What’s your favorite to-do list manager?

I have a system of three laptops. As for my general planner, I love, love, love the Uncalendar (full size) lifestyle planner because there are so many small boxes for lists and I write big lists. The second notebook is a simple but nice notebook for jotting down ideas, brainstorming recipes and personal notes, and the third is a cheap notebook that I use mainly for ingredient shopping lists and photo editing (I take tons of photos, then I go back and check the best ones in notepad so I know which ones to edit.)

What device, besides a phone and a computer, can you not live without and why?

My camera, which is a simple Canon Rebel SL1 , is obviously necessary, but the real turning point for me was the fixed lens. Even in low light, this thing takes pretty good pictures, which is great because Portland is not known for its natural lighting.

When it comes to kitchen utensils, there really isn’t a particular “gadget” that I couldn’t live without. I mean, I love my stand mixer and food processor, but “can’t live without” seems a little overdone, even though they make life easier. It may sound silly, but I have one huge wooden spoon that my sister gave me and I use it all the time. I would be lost without this stupid spoon. Yet I really like my Spatulas Creuset Revolution Le . He came in a gift bag that I bought at the event, and can scrape out of the bowl remains of anything.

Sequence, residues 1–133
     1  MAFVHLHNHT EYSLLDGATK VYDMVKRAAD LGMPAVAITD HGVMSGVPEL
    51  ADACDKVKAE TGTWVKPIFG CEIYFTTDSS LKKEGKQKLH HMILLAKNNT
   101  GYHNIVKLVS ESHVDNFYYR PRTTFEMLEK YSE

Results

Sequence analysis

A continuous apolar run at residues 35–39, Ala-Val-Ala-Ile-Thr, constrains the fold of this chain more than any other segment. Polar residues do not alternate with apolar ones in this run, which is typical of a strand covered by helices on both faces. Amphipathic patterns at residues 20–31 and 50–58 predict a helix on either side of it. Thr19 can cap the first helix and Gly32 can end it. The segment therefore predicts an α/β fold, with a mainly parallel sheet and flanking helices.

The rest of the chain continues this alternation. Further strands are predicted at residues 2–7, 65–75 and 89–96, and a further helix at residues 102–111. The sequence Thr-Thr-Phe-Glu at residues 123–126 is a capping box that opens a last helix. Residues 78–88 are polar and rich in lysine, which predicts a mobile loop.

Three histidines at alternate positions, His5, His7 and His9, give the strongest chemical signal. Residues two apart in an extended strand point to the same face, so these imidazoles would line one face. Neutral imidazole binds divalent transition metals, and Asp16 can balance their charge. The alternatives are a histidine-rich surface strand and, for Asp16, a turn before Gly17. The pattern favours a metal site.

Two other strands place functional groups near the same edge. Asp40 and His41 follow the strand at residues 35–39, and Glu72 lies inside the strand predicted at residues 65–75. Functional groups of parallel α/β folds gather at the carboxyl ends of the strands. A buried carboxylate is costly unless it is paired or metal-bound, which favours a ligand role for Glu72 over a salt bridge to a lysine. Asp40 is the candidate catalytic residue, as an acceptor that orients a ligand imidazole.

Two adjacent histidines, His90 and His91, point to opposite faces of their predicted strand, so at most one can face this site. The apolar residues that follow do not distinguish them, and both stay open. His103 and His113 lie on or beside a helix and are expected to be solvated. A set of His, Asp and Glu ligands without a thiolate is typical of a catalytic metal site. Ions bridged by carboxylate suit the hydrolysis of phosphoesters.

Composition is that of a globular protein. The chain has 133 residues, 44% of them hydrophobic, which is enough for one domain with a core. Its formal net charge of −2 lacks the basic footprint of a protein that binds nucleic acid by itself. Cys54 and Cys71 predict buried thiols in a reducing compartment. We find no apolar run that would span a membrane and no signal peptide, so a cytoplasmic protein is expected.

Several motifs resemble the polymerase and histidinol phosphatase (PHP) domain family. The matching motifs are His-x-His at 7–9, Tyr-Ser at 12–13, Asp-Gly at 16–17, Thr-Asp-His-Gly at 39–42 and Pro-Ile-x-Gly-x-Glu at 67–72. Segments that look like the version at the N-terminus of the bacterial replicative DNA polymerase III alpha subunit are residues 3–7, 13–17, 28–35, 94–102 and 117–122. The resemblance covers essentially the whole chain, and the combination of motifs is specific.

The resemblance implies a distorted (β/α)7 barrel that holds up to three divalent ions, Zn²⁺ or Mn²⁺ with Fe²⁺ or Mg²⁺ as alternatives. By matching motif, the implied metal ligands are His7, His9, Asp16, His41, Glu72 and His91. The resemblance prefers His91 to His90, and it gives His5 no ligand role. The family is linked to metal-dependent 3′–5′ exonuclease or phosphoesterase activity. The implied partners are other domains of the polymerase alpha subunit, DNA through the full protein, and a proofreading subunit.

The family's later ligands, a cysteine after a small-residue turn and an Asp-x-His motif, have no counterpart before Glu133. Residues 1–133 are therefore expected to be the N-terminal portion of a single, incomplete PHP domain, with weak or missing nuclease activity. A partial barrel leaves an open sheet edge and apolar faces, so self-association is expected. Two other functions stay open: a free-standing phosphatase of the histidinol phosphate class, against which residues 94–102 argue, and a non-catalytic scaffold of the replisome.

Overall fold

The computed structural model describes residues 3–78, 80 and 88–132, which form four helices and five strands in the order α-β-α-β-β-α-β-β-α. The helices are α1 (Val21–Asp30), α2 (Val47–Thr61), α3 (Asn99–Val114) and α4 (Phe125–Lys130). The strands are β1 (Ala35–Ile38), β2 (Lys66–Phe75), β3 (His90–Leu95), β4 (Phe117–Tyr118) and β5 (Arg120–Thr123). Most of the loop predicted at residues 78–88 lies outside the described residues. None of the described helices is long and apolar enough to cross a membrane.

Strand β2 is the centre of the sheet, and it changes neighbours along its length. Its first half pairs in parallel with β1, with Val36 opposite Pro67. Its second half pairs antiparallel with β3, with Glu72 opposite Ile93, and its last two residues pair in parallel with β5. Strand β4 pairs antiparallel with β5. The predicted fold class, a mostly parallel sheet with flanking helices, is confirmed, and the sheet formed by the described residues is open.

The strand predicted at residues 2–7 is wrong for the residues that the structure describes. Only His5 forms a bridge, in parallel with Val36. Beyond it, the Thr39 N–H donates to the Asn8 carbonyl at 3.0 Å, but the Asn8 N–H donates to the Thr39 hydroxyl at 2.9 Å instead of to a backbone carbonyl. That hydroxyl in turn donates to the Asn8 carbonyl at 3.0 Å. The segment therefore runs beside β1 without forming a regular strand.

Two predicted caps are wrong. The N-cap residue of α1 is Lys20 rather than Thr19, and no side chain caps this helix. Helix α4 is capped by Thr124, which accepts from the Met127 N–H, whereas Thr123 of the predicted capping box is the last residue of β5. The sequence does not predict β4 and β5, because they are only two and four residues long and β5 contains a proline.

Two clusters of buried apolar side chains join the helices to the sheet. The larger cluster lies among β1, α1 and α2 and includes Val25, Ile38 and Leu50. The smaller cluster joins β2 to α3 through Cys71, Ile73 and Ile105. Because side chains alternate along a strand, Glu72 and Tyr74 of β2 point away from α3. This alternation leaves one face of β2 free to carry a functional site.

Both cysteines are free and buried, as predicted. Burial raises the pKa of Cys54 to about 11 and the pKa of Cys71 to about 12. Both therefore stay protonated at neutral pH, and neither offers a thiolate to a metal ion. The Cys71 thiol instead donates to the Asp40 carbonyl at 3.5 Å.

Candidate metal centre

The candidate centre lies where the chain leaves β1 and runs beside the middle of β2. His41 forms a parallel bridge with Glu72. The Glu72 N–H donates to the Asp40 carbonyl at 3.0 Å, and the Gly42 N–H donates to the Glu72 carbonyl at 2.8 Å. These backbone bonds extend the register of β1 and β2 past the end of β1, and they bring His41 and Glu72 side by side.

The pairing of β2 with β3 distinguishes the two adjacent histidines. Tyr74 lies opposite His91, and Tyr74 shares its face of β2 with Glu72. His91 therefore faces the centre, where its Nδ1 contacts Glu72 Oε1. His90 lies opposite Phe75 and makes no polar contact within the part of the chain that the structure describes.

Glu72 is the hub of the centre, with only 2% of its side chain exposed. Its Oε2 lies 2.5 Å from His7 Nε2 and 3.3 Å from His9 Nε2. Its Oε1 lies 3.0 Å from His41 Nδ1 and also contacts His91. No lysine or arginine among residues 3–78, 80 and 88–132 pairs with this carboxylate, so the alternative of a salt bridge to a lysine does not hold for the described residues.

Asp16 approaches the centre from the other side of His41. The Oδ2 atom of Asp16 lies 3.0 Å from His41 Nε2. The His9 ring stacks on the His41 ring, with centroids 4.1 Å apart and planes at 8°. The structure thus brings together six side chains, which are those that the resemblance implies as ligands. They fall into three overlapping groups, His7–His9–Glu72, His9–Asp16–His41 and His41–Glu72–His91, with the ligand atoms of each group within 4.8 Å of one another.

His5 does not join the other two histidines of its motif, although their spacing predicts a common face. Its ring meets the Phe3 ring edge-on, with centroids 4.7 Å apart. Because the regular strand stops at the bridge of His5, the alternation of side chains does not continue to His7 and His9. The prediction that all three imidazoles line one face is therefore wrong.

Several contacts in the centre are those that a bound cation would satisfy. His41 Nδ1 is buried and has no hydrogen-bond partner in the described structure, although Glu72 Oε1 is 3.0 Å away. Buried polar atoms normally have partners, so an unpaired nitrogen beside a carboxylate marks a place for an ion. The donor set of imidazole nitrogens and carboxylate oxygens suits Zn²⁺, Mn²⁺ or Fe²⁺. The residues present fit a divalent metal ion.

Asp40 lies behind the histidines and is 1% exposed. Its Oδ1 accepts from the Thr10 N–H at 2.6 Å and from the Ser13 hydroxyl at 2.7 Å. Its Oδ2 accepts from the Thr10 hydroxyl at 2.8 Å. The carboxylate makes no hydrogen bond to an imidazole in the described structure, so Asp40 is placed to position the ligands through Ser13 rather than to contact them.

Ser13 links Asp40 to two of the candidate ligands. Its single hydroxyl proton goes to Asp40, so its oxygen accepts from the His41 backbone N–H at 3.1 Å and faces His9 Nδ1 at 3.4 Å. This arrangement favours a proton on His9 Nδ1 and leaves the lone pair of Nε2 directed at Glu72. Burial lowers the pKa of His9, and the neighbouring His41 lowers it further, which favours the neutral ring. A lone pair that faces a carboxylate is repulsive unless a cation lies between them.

My Garmin watch is another gadget that I find very useful. As I said earlier, if I can’t quantify it, it doesn’t really feel like it was done, so having a watch that tracks my time / distance / cadence so well actually encourages me to run more.

On a more silly note, I have this little thing that you hold your glass or wine (or can of beer) in while you are in the bath. Drinking in the bath is my main hobby and this thing really improved my bath play.

Also my turntable ( Audio-Technica AT-LP120-USB ) is very important to me.

What are some of your best everyday activities? What’s your secret?

I think I’m a really good hostess. I can make a really good martini. I am also good at making playlists and have an encyclopedic knowledge of The Rolling Stones and The Band.

What do you listen to while you work?